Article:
A multi-million pound EU funded project is set to provide the UK's Isles of Scilly with a new smart energy system, using new software platforms to manage supply and demand through renewables, energy storage and electric vehicles.
The Smart Energy Islands project will be led by Hitachi Europe, which will use the isles as a test-bed for its work developing smart grid technology.
Around £8.6 million (US$10.5 million) has been secured from the European Union’s Regional Development Fund (ERDF) and will be added to over £1.4 million of the Japanese company’s money, with the remaining £754,000 needed to come from the local council and project partners, Moixa and PassivSystems.
The project feeds into the Isle of Scilly council plans to rapidly change its energy system, currently served by one undersea cable from the mainland and an ageing power station.
The local authority plans to double its renewables capacity to 449kW through the addition of rooftop solar and two 50kW solar farms, while at least 1MW of storage will also be added across households, V2G charging a large storage solution.
Hitachi plan to use this rapidly evolving small scale energy system to test the impacts of new renewables, storage and electric vehicles in the growth of a diverse grid, which could in the future be used in cities.
According to Chris Wright, co-founder and chief technology officer of Moixa, the Smart Energy Islands project provides an opportunity to begin developing these solutions.
“The islands are interesting because they are a contained environment which enables you to prove what you set out to do whereas if you try and do the same thing to [a city] the problem is not just larger it’s much more difficult because it’s much more connected.
“It's a very good proxy for what you do next in cities or constrained areas of grid,” he said.
Over the next 18 months of the three year project, Moixa will develop the management systems needed to integrate battery storage systems and EVs onto the isles’ energy system.
Building on its GridShare platform, Moixa will bring forward a home battery management system to allow homes with solar panels to save money by using more of the power they generate while also helping to balance local energy needs.
The company will also use the experience recently gained from a vehicle to grid project with Cenex to develop a similar platform for EVs. This will control and optimise how electric car batteries can be used by the islands’ energy system using learning algorithms to ensure that when EVs are deployed they are maintained at a state of charge best able to support the energy system and the needs of drivers.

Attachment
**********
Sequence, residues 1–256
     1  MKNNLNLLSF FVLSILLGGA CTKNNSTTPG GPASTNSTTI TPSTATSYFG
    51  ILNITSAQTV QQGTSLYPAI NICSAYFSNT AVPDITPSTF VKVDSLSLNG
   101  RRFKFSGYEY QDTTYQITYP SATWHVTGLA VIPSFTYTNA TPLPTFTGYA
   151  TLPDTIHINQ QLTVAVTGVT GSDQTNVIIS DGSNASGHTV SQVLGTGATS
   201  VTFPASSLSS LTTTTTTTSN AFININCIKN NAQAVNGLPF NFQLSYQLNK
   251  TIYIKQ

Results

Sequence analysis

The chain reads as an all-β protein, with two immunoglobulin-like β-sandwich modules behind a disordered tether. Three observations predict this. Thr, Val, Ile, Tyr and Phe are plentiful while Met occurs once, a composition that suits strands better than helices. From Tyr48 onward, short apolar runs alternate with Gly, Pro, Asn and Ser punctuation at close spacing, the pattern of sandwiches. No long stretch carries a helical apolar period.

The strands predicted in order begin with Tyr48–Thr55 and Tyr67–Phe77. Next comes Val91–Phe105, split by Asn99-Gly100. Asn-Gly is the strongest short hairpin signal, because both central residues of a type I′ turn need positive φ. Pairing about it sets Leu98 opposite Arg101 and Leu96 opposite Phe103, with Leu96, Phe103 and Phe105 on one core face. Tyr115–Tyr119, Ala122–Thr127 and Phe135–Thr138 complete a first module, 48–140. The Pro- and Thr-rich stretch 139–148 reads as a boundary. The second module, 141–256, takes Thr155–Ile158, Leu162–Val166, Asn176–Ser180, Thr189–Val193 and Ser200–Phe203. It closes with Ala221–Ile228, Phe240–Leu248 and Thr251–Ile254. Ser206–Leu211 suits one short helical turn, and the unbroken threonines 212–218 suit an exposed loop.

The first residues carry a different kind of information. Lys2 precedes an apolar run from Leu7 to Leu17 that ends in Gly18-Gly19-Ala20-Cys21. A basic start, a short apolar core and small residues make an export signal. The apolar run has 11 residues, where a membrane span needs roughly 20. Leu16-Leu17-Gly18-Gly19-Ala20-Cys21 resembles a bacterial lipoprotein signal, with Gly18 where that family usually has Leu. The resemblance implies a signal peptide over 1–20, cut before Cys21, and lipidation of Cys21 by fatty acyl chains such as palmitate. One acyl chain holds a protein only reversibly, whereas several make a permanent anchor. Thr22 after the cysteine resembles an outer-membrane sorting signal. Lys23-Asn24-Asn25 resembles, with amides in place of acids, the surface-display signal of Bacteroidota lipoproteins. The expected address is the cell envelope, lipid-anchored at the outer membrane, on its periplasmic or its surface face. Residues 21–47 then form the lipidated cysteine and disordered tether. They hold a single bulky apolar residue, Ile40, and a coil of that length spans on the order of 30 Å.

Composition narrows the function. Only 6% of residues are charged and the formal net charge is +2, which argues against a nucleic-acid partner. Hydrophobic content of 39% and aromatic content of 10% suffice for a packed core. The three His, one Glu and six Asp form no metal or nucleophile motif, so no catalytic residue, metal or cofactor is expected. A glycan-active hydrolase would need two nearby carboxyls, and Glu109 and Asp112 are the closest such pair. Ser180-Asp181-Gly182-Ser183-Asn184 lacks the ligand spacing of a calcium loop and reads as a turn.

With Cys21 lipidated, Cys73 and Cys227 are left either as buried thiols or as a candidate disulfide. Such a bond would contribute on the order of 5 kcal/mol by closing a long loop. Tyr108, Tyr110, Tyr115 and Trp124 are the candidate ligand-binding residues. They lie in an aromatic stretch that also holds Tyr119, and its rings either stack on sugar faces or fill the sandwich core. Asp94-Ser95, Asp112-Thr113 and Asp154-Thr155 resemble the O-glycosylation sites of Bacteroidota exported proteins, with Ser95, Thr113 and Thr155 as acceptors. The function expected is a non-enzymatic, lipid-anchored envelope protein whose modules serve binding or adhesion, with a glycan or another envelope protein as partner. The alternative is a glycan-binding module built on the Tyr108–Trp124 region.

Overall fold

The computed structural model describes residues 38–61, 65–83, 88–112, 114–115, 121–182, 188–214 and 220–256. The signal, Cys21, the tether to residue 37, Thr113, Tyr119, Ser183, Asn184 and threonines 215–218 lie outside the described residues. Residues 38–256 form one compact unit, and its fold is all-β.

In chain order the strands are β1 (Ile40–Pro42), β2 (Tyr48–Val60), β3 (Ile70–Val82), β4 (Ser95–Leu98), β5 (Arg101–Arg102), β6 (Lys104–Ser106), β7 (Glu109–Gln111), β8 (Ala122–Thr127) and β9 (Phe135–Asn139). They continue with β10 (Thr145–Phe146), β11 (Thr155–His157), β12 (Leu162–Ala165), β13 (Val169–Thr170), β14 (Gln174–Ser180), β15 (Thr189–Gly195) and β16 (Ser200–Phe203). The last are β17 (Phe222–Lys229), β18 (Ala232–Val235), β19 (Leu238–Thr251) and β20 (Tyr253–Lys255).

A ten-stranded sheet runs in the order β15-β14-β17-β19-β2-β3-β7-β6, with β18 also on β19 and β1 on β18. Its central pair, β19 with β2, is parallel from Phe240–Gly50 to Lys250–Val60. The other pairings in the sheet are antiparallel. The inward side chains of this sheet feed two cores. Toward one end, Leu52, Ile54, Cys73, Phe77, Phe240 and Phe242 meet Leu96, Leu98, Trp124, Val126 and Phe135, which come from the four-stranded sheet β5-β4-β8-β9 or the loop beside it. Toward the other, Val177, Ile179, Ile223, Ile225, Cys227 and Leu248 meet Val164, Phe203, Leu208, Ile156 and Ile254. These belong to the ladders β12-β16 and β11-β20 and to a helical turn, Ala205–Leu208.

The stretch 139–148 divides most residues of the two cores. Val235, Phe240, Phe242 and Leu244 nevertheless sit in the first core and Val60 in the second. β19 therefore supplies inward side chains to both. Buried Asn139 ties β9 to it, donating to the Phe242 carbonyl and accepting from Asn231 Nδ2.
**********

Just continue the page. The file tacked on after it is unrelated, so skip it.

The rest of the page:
Moixa’s systems will integrate with an Internet of Things (IoT) platform developed by Hitachi Europe, which will use home batteries, electric vehicles and smart heating technologies to balance supply and demand of electricity.
Wright continued: “Moixa’s role in the Smart Energy Islands project will demonstrate how ordinary people will play a key role in our future energy system. Home batteries and electric vehicles controlled by smart software will help create a reliable, cost-effective, low-carbon energy system that will deliver savings to homeowners and the community.
“[Our systems] will be scalable and flexible so they can be replicated easily to allow communities all over the world to cut carbon and benefit from the smart power revolution.”
As well as allowing Hitachi and Moixa to develop new solutions for future deployment, the Smart Islands project is set to deliver huge value for the isles. Due to the single source of electricity and no native gas supply, energy prices for the 2,200 residents are particularly expensive, leading to one of the highest rates of fuel poverty in the UK, affecting 22% of households.
If successful, the project will allow the Isles to generate its own renewable energy and manage it across the native energy system, lowering costs for consumers and increasing its energy resilience.
Cllr Steve Sims, vice-chairman of the council, said: “We have unique structural constraints that we're trying to turn to our advantage, playing to our weaknesses rather than basking in them.”
“It's a really exciting opportunity for the islands”
While Hitachi will be responsible for deploying solar and storage assets for the project, with plans to launch competitive tenders later this year, the council is currently preparing to bid for a second tranche of ERDF funding for electric vehicles and charging infrastructure.
The project is not dependent on securing this funding but according to Diana Mompoloki, strategic investment manager at council of the Isles of Scilly, it would support and speed up the roll out of the project.
She added that EVs are particularly well suited to the Isles as the 15km of road mean that range anxiety, whereby drivers are discouraged for fear of losing power on journeys, is not a factor.
The council also has plans to include charging infrastructure in each of the 200 homes it plans to build over the next decade, increasing the number of inhabited homes on the isles by almost 20%.
The final levels of deployment of renewables, energy storage and EVs are yet to be known over the course of the three year Smart Islands project. However, the council’s goal for 2025 is to see electricity bills cut by 40% with the same proportion of energy demand met with renewables with 40% of vehicles being electric or low-carbon.
Hitachi and Moixa will use the project to develop systems that can be replicated worldwide to help communities make a rapid transition from a high-carbon to a low-carbon economy.